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The effect of wind speed

*w*

on energy expenditure cannot be neglected since wind speed can have important implications for the energy budget during flying activities [1, 2]. [3] provided an instantaneous index of energy expenditure (e.g., heart rate) values but they did not consider the effect wind speed

*w*

(only the angle between flight and wind direction,

). Thus, we adapted the flying cost function developed by [1], which considered both the effect of

and

*w,*

to wandering albatrosses using field data from

[3]. We were interested in extracting the relationship of energy expenditure with

and

*w*

, but also adapting the arbitrary cost units of this study to real heart rate units (beats min

-1

) (

*sensu *

[3]). Different steps were necessary for that:

(1) We estimated the cost function developed in [1] as a polynomial expression and represented in the figure below:

*Cost = 30 + *

2.381e-09

** *

* + *

-9.667e-01

** w +*

1.093e-02

** *

* * w *

60

50

40

30

20

10

0

25

20

15

Wind

speed

10

(m/s)

5

0

0

20

40

80

60

180

160

140

120

100

)

Angle (°

(2) [3] provided a mean (

SD) heart rate value for angles between 0º and 180º (at intervals of 30º) (Figure 3b in [3]). We assumed that this relationship was an average

picture of the relationship which might integrate all wind speed

*w*

values. For that we compared the effect of

on heart rate (i.e., energy expenditure) in [3] and [1] and both showed a linear increasing trend of flying cost with respect to

, showing a similar slope in both cases (mean (±SE) for [3]: 0.169 (± 0.009); for [1]: 0.164 ± 0.008):

Thus, we were confident that patterns of flying costs were similar in both studies.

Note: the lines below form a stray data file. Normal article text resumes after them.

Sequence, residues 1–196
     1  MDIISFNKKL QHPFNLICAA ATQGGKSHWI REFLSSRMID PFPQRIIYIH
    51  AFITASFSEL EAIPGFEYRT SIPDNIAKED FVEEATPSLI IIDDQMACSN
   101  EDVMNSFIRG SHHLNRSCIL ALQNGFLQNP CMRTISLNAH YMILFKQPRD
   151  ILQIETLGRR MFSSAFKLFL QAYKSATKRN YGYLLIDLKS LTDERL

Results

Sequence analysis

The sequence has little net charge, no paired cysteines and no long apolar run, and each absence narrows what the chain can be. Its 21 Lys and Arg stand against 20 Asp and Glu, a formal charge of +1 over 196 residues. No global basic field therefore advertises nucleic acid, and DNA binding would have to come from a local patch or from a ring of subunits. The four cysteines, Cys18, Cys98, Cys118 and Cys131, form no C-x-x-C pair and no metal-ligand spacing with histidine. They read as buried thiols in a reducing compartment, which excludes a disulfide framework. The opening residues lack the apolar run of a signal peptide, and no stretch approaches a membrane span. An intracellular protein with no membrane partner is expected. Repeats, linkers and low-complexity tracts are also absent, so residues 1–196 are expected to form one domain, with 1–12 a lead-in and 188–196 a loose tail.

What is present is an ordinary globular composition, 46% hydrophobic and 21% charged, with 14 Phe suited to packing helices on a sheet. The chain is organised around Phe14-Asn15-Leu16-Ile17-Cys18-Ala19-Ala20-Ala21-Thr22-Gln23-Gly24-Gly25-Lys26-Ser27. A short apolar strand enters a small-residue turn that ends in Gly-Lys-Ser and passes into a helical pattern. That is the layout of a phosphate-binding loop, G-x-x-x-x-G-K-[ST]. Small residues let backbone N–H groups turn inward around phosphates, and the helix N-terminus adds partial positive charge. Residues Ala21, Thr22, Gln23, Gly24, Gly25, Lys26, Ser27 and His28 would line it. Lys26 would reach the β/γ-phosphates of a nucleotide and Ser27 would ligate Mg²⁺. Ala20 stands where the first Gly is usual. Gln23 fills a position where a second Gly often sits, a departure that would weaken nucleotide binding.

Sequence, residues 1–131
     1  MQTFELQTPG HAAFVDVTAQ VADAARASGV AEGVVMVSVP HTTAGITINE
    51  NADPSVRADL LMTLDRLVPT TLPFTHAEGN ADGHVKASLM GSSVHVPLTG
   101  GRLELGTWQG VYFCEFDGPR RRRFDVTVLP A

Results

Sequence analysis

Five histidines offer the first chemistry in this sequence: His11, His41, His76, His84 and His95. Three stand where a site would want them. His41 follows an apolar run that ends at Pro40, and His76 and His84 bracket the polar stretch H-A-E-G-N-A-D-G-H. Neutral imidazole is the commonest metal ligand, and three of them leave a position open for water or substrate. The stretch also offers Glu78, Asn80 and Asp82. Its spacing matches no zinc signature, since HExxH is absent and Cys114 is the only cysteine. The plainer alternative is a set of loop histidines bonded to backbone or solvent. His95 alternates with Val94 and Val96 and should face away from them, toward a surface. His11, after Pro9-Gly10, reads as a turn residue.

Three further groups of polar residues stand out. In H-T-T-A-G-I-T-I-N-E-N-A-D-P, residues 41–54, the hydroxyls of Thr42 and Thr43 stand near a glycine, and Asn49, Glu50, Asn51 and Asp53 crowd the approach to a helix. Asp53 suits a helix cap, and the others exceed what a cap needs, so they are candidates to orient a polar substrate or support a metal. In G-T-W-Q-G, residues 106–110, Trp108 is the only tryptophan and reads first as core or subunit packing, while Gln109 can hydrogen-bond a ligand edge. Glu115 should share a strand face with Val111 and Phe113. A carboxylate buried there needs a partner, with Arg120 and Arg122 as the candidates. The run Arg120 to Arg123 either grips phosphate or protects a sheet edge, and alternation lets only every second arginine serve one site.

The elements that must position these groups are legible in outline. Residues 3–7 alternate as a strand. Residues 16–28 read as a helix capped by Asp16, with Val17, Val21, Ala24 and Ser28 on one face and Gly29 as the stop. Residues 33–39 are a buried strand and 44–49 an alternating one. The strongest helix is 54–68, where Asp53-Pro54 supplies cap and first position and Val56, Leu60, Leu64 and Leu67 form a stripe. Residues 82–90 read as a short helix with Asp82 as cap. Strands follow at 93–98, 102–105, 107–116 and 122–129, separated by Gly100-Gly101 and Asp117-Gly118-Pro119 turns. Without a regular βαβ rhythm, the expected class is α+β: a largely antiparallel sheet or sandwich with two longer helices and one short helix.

(3) Given the difference in the range of cost values and units of both studies, we estimated real heart rate values based on arbitrary cost units by linear regression. We found the following relationship:

*Heart rate (beats min*

*-1*

*) = 80.085 + 1.153* cost (arbitrary units) *

(4) By combining previous two equations, we were able to estimate heart rate units for all the combinations of angles

and wind speeds

*w*

. The resulting flying cost function is represented in the Figure 1b.

To better adjust heart rate values for flying modes F – J (i.e., directly after take-off;

Figure 1) to reality, we introduced correction factors based on [3] that reported that heart rate values of flying albatrosses decreased after two hours of take-off to basal values. We assumed that the flying cost function estimates energy expenditure in optimal conditions (i.e., at least 2 hours of flight, [3]). Thus, previous heart rate values for flying activities should be higher (see the decreasing trend of filled triangles of activities F-J in Figure 1a). Taking the heart rate value of mode J (i.e., 720 min after take-off) as reference, we computed the correction factors to be 1.39, 1.19, 1.13 and

1.09 for flying positions 10, 30, 60 and 120min after take-off, respectively. The flying cost function was applied to flying activities (F to J in Figure 1a) in order to obtain energy expenditure values.

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.

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.

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